How to Safely Recover From a Stomach Infection

Reduce Your Risk of IBS After a GI Illness

Woman with a Stomach Infection. Credit: Getty Images

The stomach flu, and its accompanying symptoms such as vomiting, fever and diarrhea, can make you miserable. Fortunately, it is almost always self-limiting and most people recover fully without any treatment.

However, if you get sick from a stomach infection, there are important steps that you need to take to help increase the probability that you will experience a rapid and complete recovery. Why the necessity?

Experiencing an acute gastrointestinal infection raises your risk of developing ongoing digestive symptoms, a condition called post infectious IBS (IBS-PI). Follow these simple guidelines to reduce your risk.

Get Rest

Seems easy enough, but face it -- many of us decide we are too busy to take proper care of ourselves. You may need to re-think this. One well-designed study found a clear link between activity level and the later onset of IBS. Patients who developed IBS following an acute GI illness were less likely to rest in response to initial symptoms and more likely to remain active throughout the course of the illness.

Don’t Suppress Vomiting

In a classic Seinfeld episode, Jerry speaks proudly of his no-vomiting record. Don’t follow his lead. Vomiting is part of the body’s own defenses against foreign invaders such as viruses and bacteria. In studies of one specific bacteria, patients who experienced vomiting during the acute stage of their illness had their risk of developing IBS-PI reduced by half.

Stay Hydrated

When you have a stomach infection, staying hydrated can help you feel better--and recover--faster. Through vomiting and diarrhea, vital fluids are lost and need to be replaced. Choose clear liquids and those with electrolytes, but make sure to avoid sugary and caffeinated drinks as these can worsen diarrhea.

If it is difficult to keep fluids down, take very small but frequent sips or suck on ice chips.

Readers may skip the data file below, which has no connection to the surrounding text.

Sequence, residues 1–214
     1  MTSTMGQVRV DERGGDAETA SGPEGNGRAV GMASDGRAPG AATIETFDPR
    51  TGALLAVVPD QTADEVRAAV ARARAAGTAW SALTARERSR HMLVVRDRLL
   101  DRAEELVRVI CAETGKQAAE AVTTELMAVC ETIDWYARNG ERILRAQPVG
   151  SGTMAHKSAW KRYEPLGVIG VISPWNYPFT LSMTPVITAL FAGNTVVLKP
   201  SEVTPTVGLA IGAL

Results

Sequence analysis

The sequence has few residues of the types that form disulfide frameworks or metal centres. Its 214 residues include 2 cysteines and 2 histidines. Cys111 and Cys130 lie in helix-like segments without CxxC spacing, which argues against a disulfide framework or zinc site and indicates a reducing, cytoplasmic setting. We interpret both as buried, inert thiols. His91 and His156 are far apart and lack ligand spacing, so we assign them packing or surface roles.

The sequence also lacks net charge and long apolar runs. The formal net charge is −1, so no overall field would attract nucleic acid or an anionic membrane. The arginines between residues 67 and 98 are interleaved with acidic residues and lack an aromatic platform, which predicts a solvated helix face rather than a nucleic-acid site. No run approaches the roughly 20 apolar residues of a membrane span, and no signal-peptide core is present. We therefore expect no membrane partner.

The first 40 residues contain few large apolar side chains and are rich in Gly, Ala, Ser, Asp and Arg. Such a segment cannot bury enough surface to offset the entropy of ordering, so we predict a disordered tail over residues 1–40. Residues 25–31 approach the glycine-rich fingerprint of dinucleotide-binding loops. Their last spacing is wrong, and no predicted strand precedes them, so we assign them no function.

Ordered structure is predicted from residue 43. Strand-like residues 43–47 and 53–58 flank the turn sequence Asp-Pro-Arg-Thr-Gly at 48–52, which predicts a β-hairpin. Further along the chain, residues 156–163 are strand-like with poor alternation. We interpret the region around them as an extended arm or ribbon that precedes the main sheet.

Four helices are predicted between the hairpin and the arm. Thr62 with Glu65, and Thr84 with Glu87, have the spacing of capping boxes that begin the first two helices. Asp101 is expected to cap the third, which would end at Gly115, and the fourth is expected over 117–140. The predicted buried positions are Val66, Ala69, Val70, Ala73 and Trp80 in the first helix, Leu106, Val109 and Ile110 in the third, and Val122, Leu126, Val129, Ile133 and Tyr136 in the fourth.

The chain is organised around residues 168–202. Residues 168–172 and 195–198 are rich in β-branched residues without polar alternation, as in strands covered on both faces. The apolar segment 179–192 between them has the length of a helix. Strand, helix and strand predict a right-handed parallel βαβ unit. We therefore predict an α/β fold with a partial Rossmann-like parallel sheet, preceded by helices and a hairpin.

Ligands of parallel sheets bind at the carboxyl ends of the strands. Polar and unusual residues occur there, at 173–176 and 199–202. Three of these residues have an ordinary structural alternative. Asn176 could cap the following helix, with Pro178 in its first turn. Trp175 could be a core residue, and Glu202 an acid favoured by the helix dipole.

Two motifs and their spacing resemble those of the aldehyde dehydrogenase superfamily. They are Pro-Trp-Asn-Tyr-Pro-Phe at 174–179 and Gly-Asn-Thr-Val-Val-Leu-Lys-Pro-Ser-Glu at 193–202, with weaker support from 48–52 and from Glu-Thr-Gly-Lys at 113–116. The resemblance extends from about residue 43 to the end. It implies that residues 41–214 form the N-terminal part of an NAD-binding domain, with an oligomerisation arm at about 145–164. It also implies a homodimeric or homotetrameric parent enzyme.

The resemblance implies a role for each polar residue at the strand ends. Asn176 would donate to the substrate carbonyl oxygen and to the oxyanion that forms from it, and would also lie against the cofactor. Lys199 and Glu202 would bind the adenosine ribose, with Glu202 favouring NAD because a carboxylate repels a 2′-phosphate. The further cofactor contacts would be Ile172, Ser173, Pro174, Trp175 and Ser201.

Keep Your Stress Level Low

Research is consistently finding a relationship between high levels of anxiety and stress around the time of the initial illness and the risk of ongoing symptoms. It is thought that this relationship might extend for up to three months before the onset of the illness. Although we may have little control over the stressful events that pop up in our lives, using active relaxation and stress management strategies can help to reduce the effect that the outside stress has on our insides.

Think Happy Thoughts

As far-fetched as it may seem, what we think can affect how we feel. Patients who are pessimistic about their illness and their symptoms appear to be at higher risk for ongoing problems. If you get ill, think positive thoughts about your illness. Talk to yourself like a loving parent, reassuring yourself that you will be “all better soon.”


Spence, M. & Moss-Morris, R. “ The cognitive behavioural model of irritable bowel syndrome: a prospective investigation of patients with gastroenteritis" Gut 2007 56:1066-1071.

Spiller, R. “ Postinfectious irritable bowel syndromeGastroenterology 2003 124:1662-1671.

Spiller, R. “Post-infectious Irritable Bowel Syndrome: A Sub-Type of Irritable Bowel Syndrome” International Foundation for Functional Gastrointestinal Disorders Fact Sheet.

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